By Tony Collins
Were GPs guinea pigs for live testing of the new national NHS e-Referral Service?
Between 2004 and 2010 the Department of Health marked as confidential its lists of problems with national NPfIT systems, in particular Choose and Book.
So the Health and Social Care Information Centre deserves praise for publishing a list of problems when it launched the national “e-Referrals” system on Monday. But that list was 9 pages long.
The launch brought unsurprised groans from GPs who are used to new national systems going live with dozens of known problems.
The e-Referral Service, built on agile “techniques” and based on open source technology, went live early on Monday to replace “Choose and Book” for referring GP patients to hospitals and to other parts of the NHS.
Some GPs found they could not log on.
“As expected – cannot refer anything electronically this morning. Surprise surprise,” said one GP in a comment to “Pulse” on its article headlined “Patient referrals being delayed as GPs unable to access e-Referrals system on launch day.”
A GP practice manager said: “Cannot access in south London. HSCIC debacle…GPs pick up the pieces. Changing something that wasn’t broken.”
Another GP said: “I was proud never to have used Choose and Book once. Looks like this is even better!”
Other GPs said they avoided using technology to refer patients.
“Why delay referral? Just send a letter. (Some of us never stopped).”
Another commented: “I still send paper referrals – no messing, you know it has gone, no time wasted.”
Dr Faisal Bhutta, a GP partner in Manchester, said his practice regularly used Choose and Book but on Monday morning he couldn’t log in. “You can’t make a referral,” he said.
The Health and Social Care Information Centre has apologised for the disruption. A statement on its website says:
“There are a number of known issues, which are currently being resolved. It is not anticipated that any of these issues will pose a clinical safety risk, cause any detriment to patient care or prevent users from carrying out essential tasks. We have published the list of known issues on our website along with details of how to provide feedback .”
But why did the Centre launch the e-Referral Service with 9 pages of known problems? Was it using GPs as guinea pigs to test the new system?
The Health and Social Care Information Centre is far more open, less defensive and a better communicator than the Department of Health ever was when its officials were implementing the NPfIT.
But is the HSCIC’s openness a good thing if it’s accompanied by a brazen and arrogant acceptance that IT can be introduced into the NHS without a care whether it works properly or not?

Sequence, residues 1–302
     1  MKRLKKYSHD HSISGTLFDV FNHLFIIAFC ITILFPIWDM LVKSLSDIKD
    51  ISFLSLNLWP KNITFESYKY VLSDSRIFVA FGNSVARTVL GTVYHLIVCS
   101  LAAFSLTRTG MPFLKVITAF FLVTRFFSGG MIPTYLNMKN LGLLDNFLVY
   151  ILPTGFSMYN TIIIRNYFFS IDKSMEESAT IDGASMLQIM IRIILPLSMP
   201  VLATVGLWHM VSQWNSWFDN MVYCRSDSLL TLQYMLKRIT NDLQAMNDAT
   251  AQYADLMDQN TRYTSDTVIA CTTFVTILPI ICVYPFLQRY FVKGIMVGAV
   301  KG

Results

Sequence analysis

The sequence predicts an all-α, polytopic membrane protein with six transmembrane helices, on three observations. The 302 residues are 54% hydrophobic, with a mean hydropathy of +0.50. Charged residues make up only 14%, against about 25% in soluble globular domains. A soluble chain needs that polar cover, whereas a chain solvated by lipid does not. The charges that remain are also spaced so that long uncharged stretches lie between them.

In parts of the NHS, IT works extraordinarily well. Those who design, test, implement and support such systems care deeply about patients. In many hospitals the IT reduces risks and helps to improve the chances of successful outcomes.
But in other parts of the NHS are some technology enthusiasts – at the most senior board level – who seem to believe that all major IT implementations will be flawed and will be improved by user feedback.
The result is that IT that’s inadequately designed, tested and implemented is foisted on doctors and nurses who are expected to get used to “teething” troubles.
This is dangerous thinking and it’s becoming more and more prevalent.
Many poorly-considered implementations of the Cerner Millennium electronic patient record system have gone live in hospitals across England with known problems.
In some cases, poor implementations – rather than any faults with the system itself – have affected the care of patients and might have contributed to unnecessary deaths when records needed urgently were not available, or hospitals lost track of urgent appointments.
A CQC report in March 2015 said IT was a possible factor in the death of a patient because NHS staff were unable to access electronically-held information.
In another incident a coroner criticised a patient administration system for being a factor in the death of three year-old Samuel Starr whose appointment for a vital scan got lost in the system.
Within NHS officialdom is a growing cultural acceptance that somehow a poor IT implementation is different to a faulty x-ray machine that delivers too high a dose of radiation.
NHS officials will always brush off IT problems as teething and irrelevant to the care and safety of patients. Just apologise and say no patient has come to any harm.
So little do IT-related problems matter in the NHS that unaccountable officials at the HSCIC have this week felt sufficiently detached from personal accountability to launch a national system knowing there are dozens of problems with the use of it.
Their attitude seems to be: “We can’t know everything wrong with the system until it’s live. So let’s launch the system and fix the problems as GPs give us their feedback.”
This is a little like the NHS having a template letter of regret to send to relatives and families of patients who die unexpectedly in the care of the NHS. Officials simply fill in the appropriate name and address. The NHS can then fix the problems as and when patients die.
It’s surely time that bad practice in NHS IT was eradicated. Board members need to question more. When necessary directors must challenge the blind positivism of the chief executive.
Some managers can learn much about the culture of care at the hospitals that implement IT successfully.
Patients, nurses and doctors do not exist to tell hospital managers and IT suppliers when electronic records are wrong, incomplete, not available or are somebody else’s record with a similar name.
And GPs do not exist to be guinea pigs for testing and providing feedback on new national systems such as the e-Referral Service.